10 years ago, Valve invented the battle pass. The developer was looking for a way to boost the cash it was offering to pro players of its game Dota 2, and make some bank for itself in the process. Charging people to watch the tournaments wasn’t really viable after two years of giving it away for free, and putting ads around the broadcast or in-game would annoy a ton of people (and did nine years later). But then Valve had a brain wave: what if it sold a digital book and included some hats?
That may be an oversimplification of the process that went on at Valve all those years ago, but the result was The International 3 Compendium, a digital book inside of Dota 2 that fans could buy. It featured info about the tournament, and allowed fans to make predictions, play fantasy Dota (like fantasy football), and even vote on who would play in the all-star match. It also came bundled with some cosmetics such as a courier, taunts, and an XP boost. At the time, it seemed like a pretty good deal just for those items alone.
25% of all sales of the compendium would go to the prize pool of The International 3 tournament, with the other 75% going to Valve. Crucially, Valve announced that there would be stretch goals that ranged from more cosmetics to a 1v1 tournament being added to TI, if the total tournament prize pool hit a certain amount, initially starting out with three before expanding to seven, six of which were achieved. The prize pool for TI3 started at $1.6 million and ended at $2,874,380, an increase of $1,274,380 that pocketed Valve $3,823,140.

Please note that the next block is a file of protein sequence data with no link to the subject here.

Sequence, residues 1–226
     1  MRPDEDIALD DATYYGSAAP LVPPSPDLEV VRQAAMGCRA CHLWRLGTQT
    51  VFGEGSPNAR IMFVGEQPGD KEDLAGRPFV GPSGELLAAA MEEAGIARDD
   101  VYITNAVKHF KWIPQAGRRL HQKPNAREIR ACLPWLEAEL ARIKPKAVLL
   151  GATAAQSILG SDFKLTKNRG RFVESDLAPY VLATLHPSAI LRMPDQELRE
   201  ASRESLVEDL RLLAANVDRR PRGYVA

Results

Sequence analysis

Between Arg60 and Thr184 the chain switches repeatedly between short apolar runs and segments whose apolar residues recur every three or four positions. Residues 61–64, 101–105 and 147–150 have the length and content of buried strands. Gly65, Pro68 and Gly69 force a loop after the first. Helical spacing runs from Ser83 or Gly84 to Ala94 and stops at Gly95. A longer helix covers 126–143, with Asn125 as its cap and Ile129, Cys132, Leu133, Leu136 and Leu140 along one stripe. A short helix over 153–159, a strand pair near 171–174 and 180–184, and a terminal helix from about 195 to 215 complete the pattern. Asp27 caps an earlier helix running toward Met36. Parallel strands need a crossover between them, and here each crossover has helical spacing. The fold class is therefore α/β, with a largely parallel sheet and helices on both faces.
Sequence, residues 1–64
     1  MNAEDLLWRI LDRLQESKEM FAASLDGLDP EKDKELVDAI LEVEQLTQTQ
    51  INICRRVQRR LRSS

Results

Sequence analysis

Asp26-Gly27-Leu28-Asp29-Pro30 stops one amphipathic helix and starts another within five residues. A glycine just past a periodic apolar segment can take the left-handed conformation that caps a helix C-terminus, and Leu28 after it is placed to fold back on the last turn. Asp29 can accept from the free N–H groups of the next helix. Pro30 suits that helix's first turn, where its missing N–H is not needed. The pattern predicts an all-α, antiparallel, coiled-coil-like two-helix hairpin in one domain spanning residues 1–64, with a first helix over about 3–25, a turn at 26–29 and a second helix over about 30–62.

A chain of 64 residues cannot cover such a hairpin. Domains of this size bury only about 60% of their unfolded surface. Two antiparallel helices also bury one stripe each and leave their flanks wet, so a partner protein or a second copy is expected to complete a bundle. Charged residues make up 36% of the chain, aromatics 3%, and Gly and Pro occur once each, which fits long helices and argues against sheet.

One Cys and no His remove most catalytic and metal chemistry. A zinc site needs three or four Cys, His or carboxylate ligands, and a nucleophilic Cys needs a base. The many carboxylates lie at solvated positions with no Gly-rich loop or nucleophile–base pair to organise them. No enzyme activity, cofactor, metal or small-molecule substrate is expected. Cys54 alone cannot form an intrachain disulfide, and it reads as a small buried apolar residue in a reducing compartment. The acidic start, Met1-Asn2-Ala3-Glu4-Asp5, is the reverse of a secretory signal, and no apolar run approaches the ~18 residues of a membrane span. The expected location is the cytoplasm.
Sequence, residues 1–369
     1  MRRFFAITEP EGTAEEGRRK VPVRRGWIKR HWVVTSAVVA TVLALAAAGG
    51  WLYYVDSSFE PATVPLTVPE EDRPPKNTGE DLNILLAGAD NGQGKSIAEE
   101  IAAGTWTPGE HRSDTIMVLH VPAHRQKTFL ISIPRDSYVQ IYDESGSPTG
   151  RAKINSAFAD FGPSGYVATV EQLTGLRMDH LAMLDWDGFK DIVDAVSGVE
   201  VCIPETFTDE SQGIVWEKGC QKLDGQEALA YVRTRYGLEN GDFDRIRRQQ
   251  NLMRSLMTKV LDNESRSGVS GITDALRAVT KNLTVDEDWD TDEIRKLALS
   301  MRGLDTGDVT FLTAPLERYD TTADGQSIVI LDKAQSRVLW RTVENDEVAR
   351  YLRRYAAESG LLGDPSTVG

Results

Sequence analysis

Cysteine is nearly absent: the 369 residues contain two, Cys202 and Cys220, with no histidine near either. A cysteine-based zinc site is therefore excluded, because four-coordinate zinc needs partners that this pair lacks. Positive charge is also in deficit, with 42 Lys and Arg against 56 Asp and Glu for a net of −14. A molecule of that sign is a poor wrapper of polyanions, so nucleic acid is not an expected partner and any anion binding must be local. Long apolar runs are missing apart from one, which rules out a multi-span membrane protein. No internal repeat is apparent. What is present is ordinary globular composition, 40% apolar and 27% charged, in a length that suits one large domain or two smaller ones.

While at the time this was just seen as a cool way to boost the funds for the Dota 2 pro scene, history has credited the TI3 Compendium as the first major iteration of a battle pass, the system that you likely know and love (or loath) from hundreds of games available today. The book theme has long been replaced, even in Dota 2 where it originated, but the idea of paying for something that gives you the possibility of unlocking cosmetics if you pay or play enough is now commonplace in almost every multiplayer game.
The next year was when the Dota 2 compendium took a more recognisable form. As well as having rewards tied to how high the prize pool went, there were now levels that you unlocked by playing or paying. The TI4 compendium featured 1000 levels, with rewards that ranged from simply nothing for reaching a new level, to couriers, loot boxes with hats, and even custom visual effects for in-game items. The prize pool for TI4, which again started at $1.6 million, ended at a massive $10,923,977, netting Valve almost $28 million.
At the time for Dota 2 fans, including myself, this was amazing. Grinding to unlock compendium levels (which back then were random drops after a match) added an extra meta game to Dota, and made playing even more rewarding. While it was effectively just a different take on the loot boxes Dota 2 already had, with the compendium there was a greater sense of having earned your new toys. Valve were definitely onto something, and I've spent far too much money on subsequent Dota 2 battle passes in the years since.
It’s surprising that other developers didn't jump on the battle pass train sooner given the money Valve was publicly making. Valve would try something similar with the Gun Mettle Campaign Pass in Team Fortress 2 in 2015, which did grant access to some new maps like a more traditional DLC, but also offered daily challenges that would grant cosmetics if you completed them. Some of the early CS:GO operations in 2014 and 2015 had some similarities with the compendiums, featuring a journal that detailed your in-game stats and offering loot boxes you could only unlock if you owned the Operation Pass, but didn’t really have many other similarities and never became fully fledged battle passes.